Atrocities such as yesterday’s massacre in Egypt challenge the ability of war-hardened correspondents to remain emotionally distant from the events unfolding before them. Security forces killed at least 150 people and wounded many hundreds in protest camps in Cairo, snipers were reported to have fired into crowds. Despite the bloodshed, the Interior Ministry initially denied that live rounds had been used. The Egyptian Vice-President has resigned in disgust.
Among the dead, a Sky News cameraman, Mick Deane, 61, and a reporter for Gulf News, Habiba Ahmed Abd Elaziz, 26. A journalist’s death is not worth more than that of a civilian, despite the column inches. But such killings show the dangers journalists face all over the world, in sharing with a wider public the reality of war and state violence. Last year, 121 journalists and media workers were violently killed, according to the International Federation of Journalists.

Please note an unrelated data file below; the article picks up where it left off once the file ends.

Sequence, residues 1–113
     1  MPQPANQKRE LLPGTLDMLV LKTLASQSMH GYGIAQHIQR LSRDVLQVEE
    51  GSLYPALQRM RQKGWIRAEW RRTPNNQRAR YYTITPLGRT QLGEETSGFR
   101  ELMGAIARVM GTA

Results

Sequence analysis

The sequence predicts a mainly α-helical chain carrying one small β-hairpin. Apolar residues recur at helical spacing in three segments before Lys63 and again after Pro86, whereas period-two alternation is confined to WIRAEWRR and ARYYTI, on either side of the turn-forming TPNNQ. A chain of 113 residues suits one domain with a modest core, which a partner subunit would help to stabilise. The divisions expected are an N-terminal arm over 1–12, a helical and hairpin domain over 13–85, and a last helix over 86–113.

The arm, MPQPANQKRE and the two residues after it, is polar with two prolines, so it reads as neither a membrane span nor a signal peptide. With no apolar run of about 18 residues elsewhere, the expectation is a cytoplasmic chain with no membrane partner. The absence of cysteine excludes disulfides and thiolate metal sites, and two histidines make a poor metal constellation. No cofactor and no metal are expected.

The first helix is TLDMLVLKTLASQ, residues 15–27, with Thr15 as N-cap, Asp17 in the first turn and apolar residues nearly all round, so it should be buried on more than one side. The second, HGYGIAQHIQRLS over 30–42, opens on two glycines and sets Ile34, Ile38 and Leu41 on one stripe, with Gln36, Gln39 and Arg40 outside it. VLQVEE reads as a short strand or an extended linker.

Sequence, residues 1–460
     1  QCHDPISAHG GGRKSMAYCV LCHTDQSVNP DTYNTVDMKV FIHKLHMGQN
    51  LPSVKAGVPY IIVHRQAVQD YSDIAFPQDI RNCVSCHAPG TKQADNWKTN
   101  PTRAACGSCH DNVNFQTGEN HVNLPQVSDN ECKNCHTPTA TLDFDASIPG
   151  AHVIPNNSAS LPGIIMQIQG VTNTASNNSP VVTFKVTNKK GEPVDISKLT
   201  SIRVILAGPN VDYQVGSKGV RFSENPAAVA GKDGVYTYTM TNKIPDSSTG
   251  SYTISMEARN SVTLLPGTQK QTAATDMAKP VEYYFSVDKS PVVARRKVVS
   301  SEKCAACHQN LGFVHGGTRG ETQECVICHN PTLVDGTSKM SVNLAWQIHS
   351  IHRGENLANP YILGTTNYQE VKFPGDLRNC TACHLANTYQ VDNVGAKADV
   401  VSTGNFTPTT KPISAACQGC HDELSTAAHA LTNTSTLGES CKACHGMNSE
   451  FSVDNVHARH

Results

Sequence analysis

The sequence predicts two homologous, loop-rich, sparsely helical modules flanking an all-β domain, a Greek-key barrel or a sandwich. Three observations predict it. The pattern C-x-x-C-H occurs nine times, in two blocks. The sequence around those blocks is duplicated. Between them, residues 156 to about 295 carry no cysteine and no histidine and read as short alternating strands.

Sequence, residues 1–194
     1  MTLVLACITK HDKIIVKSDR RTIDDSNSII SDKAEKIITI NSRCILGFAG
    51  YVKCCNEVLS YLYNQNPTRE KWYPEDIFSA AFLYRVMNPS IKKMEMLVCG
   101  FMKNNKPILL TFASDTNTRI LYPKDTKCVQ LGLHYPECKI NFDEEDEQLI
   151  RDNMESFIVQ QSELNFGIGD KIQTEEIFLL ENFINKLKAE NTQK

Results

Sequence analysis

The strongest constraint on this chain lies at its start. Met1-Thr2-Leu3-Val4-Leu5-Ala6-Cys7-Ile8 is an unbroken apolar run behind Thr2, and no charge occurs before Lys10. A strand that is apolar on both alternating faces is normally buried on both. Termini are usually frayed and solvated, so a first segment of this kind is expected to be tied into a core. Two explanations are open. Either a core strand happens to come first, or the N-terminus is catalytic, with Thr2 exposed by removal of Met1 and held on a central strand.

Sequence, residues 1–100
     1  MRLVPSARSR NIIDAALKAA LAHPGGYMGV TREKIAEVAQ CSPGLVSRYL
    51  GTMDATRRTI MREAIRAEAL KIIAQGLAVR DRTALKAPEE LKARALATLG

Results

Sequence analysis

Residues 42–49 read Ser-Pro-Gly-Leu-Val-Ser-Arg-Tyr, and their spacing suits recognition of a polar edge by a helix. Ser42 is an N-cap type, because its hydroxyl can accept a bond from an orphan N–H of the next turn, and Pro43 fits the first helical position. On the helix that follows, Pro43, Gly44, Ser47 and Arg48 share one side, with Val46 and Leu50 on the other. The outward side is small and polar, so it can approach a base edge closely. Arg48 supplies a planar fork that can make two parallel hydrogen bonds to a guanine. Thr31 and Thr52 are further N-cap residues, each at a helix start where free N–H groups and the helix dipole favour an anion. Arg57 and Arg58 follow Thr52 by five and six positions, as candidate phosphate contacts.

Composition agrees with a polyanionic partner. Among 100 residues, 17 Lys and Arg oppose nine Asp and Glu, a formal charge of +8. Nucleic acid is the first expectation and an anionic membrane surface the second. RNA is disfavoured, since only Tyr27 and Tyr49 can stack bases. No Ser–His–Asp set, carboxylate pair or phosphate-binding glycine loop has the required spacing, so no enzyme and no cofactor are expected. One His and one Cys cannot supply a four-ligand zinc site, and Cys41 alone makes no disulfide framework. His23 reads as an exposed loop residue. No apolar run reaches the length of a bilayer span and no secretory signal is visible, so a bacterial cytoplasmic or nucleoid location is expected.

As editors, perched on our swivel chairs in London, we try to listen to the reporter on the ground. In turn, they listen to local journalists or fixers. Editors may think, ‘This is getting too dangerous, our correspondent needs to pull back’, while the reporter on the ground says it is better to sit tight; that they’re not safe but it would be more hazardous to move. Such unknowably fine margins separate the people in the morgue from those who live on for tomorrow.
Good luck from all of us at i to our readers who find out their A-level results this morning – and to the family and friends who are waiting for that call. However you fare, we wish you every happiness and adventure in the next chapter of your lives.